When you think about getting a dog, there are a lot of questions you consider: Can I afford the food, toys, vet bills, training, and other expenses? Am I choosing a breed that fits my lifestyle? Do I have time to commit to meeting its exercise and training needs? Often the questions asked pertain to early stages of life and we often (mistakenly) assume that the older the dog gets, the less it will need. While in some ways an older dog is a lot easier to manage than a younger dog, I am learning with my ~12 year old doberman, Dexter, that old dogs don't need less - their needs just change.
You figure once you get your pup making it through the night without needing a potty break that your sleepless nights are over. Wrong. One of the first changes I started to notice as Dex entered his senior years was that he would pace at night, and sometimes I would wake up to him whining and sometimes even bumping into things and I'd need to turn on the lights to help him find his way to bed. Cataracts are common in older dogs and my vet suggested leaving a bathroom light on or setting up a nightlight to help with this. While it did help, I do find there are nights where he is just restless and has a hard time settling. I have also noticed that if there is a thunderstorm, he now often drools and gets quite anxious despite having never had an issue with storms in the past. I never thought he'd need a thunder-shirt, but now he has one (and looks pretty cute in it).
Most days, Dex is still a big, playful and active puppy but there are days he wakes up very stiff and just wants to sleep on the couch and have space away from the other dogs. I have a front living room for him to go to so he can get away from the other dogs, and he definitely appreciates having his own space to retreat to at times. When I sit down beside him on my laptop answering emails, he will rest his head or paw in my lap to remind me that just because he wants to sit out the hike that day doesn't mean he doesn't need me to spend time with him. Also worth noting is that his mental needs haven't decreased - I may not be asking my arthritic dog to offer sits or lie down on command as much but he still enjoys less physically demanding tasks and things like treat-balls and puzzle toys, still enjoys interactions with other dogs most days, and he still loves to get new toys. The key is judging from day to day what he is up for, expecting his tolerance level for some things to be lower on some days than others, and being creative in finding ways to stimulate his mind. Also being patient and understanding when he does odd things like barking at a wall or just very out of context behaviours in general.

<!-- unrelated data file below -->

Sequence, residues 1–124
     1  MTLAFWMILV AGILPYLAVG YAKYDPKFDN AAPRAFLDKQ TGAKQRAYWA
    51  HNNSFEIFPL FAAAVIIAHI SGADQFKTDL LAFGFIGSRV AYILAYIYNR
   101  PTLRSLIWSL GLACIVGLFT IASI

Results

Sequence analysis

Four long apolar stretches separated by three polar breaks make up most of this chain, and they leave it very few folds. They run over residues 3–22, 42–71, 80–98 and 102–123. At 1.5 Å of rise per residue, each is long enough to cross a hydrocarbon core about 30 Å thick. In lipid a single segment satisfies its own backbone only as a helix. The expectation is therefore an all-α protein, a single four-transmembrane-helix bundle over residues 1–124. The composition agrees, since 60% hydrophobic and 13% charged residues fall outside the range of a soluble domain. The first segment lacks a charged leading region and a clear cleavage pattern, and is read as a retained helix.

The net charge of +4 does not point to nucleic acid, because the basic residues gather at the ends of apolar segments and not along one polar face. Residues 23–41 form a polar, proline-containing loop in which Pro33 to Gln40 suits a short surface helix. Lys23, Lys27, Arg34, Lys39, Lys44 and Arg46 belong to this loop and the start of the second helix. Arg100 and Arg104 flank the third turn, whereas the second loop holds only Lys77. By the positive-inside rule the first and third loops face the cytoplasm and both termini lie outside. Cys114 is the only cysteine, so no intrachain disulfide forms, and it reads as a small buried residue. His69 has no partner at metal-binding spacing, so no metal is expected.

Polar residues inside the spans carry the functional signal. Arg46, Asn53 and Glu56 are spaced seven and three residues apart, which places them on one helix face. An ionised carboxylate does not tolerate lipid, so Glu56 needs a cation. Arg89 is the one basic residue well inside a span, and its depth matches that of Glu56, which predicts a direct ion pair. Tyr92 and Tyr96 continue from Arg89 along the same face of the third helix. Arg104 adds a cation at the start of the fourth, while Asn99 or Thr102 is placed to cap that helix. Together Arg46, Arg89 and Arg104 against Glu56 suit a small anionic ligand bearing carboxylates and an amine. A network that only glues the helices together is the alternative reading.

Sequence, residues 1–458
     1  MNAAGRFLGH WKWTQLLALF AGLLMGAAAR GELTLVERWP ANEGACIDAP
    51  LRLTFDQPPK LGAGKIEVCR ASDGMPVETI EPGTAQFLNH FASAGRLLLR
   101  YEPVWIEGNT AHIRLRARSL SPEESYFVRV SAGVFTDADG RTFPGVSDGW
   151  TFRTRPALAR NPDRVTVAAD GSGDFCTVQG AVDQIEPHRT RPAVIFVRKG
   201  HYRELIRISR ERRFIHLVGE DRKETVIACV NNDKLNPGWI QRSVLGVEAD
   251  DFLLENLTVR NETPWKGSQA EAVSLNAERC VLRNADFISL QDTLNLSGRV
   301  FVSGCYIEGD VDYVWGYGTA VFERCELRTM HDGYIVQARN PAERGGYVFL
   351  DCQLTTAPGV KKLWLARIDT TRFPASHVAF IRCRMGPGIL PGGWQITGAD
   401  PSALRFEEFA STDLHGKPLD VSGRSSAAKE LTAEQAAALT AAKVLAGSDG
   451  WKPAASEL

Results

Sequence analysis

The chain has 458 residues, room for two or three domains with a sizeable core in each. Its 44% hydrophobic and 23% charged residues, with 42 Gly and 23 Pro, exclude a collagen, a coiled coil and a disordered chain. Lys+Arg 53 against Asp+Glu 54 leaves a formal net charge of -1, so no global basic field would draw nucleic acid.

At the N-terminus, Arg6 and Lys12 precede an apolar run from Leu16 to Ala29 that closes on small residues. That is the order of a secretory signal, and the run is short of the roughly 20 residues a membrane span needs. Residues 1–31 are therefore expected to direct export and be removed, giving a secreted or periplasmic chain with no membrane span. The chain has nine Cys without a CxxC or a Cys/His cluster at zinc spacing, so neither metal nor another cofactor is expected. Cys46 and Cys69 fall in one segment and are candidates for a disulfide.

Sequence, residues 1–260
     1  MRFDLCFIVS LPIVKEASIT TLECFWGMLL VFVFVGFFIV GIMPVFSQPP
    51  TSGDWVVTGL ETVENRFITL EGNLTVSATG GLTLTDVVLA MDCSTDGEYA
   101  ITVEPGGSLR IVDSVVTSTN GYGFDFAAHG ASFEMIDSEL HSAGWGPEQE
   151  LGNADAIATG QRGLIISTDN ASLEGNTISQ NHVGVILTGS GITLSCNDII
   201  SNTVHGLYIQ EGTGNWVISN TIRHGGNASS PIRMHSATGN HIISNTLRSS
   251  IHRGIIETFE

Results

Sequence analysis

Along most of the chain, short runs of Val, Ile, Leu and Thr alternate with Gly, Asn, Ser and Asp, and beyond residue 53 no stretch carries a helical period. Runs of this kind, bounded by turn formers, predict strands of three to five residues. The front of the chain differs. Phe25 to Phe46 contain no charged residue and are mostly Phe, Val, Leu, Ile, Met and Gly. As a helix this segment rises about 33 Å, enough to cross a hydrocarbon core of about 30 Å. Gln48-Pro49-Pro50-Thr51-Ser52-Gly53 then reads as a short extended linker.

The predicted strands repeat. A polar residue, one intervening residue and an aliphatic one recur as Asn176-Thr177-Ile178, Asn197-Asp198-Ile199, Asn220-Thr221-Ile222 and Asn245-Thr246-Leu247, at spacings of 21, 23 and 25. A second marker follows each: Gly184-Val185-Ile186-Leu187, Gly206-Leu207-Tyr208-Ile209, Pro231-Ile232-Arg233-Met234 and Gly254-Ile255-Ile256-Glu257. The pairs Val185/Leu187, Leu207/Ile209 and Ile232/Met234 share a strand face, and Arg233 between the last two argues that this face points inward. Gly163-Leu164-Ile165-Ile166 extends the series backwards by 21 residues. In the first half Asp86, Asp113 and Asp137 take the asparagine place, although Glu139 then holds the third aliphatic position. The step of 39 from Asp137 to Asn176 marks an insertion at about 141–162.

A lot of what I have experienced with Dex is well explained by many accounts of canine cognitive dysfunction, which you can read more about here: http://www.petmd.com/dog/conditions/neurological/5-signs-dog-dementia
Perhaps one of the most difficult things for me to accept as a trainer is a regression in his reactivity training. We had made huge gains with him - getting to the point where we could have people come over for pool parties and have him settle within a minute after someone new came or sometimes not reacting at all to now needing to give him more time to learn to trust new people again. No matter what, it is always about setting him up to succeed and setting realistic expectations.
A dog truly is a lifelong commitment and it really breaks my heart to see older dogs in shelters knowing how hard it is on my own dog some days to cope with his changing body even though he has a really supportive and stable environment. I hope this post can encourage people to understand what to expect as their pets age and how to make sure to provide for them in their golden years.
Do you have an older dog? What are some changes you've noticed and ways you've helped your dog to cope?